- Schmidt, S; Horch, K; Normann, R
- The passive biocompatibility of silicon‐based electrode arrays was studied in feline cortical tissue. Three types of arrays were used: uncoated, coated with polyimide, and coated with polyimide over an adhesion promoter. Fifteen arrays were implanted for 24 h to determine early tissue reaction to the implantation procedure, and twelve arraays were implanted for 6 months to determine structural and material biocompatibility. Edema and hemorrhage were present around the short‐term implants, but involved less than 6% of the total area of the tissue covered by the array. With chronic implants, leukocytes were rarely present and macrophages were found around roughly one‐third of the tracks. Remnants of foreign material from the electrodes could be identified in less than 10% of the tracks. Gliosis was found around all tracks, forming an annulus between 20 and 40 μm thick. A capsule was not always present, and never exceeded a thickness of 9 μm. These results suggest that the implantation procedure produces limited amounts of tissue damage, and that the arrays are biocompatible. However, the arrays insulated with polyimide over a primer had significantly greater involvement of macrophages, gliosis, and capsule formation than uncoated arrays and arrays insulated with polyimide without printer, perhaps indicating a reaction to aluminum oxide in the primer. © 1993 John Wiley & Sons, Inc. Copyright © 1993 John Wiley & Sons, Inc.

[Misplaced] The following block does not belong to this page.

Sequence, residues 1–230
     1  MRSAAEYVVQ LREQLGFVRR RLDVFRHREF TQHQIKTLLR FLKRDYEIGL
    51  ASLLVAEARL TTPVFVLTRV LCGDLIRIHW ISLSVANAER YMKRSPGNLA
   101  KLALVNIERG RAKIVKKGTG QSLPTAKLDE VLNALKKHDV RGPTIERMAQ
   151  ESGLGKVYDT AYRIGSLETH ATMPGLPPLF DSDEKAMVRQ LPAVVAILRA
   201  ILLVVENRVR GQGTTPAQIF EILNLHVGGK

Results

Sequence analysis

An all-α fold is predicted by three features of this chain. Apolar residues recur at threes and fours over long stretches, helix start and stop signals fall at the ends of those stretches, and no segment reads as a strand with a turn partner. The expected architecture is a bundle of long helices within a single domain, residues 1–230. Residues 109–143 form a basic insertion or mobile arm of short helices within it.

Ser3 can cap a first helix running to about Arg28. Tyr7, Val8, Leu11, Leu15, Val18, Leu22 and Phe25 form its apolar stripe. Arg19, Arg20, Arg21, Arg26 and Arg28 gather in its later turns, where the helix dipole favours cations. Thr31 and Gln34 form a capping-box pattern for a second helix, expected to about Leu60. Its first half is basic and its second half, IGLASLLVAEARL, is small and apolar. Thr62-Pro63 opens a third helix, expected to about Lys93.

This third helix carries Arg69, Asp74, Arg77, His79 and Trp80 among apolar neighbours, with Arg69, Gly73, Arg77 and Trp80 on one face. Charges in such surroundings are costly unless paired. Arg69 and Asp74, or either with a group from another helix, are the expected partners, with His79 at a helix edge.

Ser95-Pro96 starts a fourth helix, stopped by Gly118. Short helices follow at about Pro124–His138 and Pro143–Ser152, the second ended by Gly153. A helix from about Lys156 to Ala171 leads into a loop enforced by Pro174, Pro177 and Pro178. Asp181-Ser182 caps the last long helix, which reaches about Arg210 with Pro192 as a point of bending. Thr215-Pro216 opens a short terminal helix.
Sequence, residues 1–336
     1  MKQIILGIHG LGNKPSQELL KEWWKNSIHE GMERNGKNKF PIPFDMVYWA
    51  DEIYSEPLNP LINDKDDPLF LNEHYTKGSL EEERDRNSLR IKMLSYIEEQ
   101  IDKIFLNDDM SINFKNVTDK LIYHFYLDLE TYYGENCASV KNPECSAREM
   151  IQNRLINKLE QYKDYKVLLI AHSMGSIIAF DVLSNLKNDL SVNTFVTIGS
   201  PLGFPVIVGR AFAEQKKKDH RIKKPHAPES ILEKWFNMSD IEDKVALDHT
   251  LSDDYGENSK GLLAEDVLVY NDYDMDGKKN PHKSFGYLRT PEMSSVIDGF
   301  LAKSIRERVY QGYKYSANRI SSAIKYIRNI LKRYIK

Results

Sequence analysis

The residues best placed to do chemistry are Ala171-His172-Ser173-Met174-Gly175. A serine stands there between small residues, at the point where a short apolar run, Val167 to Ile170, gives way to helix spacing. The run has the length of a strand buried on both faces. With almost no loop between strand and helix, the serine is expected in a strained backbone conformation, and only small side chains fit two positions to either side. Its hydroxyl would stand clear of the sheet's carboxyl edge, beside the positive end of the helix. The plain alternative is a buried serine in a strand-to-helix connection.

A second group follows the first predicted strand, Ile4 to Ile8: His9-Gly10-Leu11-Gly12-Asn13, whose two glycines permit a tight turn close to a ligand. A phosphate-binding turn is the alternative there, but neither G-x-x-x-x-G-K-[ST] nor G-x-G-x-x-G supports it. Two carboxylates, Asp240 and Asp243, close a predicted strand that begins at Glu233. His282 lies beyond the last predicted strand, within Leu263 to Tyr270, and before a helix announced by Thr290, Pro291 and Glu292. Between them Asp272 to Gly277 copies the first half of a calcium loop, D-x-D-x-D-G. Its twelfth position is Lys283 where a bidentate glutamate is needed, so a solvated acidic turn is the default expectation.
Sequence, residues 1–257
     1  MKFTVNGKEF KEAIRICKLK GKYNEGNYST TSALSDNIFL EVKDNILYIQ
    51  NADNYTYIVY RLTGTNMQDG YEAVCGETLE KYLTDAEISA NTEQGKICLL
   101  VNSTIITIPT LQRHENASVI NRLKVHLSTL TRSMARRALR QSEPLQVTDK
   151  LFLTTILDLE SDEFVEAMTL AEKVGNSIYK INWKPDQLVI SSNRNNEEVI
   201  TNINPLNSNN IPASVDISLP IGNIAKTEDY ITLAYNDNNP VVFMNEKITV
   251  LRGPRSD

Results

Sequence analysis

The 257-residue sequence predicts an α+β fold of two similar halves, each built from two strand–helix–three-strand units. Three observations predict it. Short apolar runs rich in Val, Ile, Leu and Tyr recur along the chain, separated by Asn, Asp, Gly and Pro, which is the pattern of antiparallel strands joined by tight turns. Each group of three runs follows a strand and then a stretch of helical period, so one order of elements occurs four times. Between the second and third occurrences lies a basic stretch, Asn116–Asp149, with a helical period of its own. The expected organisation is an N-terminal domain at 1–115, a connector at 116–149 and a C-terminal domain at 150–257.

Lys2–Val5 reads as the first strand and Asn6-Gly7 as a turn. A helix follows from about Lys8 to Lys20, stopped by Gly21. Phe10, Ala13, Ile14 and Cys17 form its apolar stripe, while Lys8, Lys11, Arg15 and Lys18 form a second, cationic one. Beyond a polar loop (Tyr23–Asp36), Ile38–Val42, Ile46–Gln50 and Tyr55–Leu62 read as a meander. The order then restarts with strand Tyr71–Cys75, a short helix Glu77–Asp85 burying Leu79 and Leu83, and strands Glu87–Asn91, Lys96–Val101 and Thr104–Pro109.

- January 1, 1993
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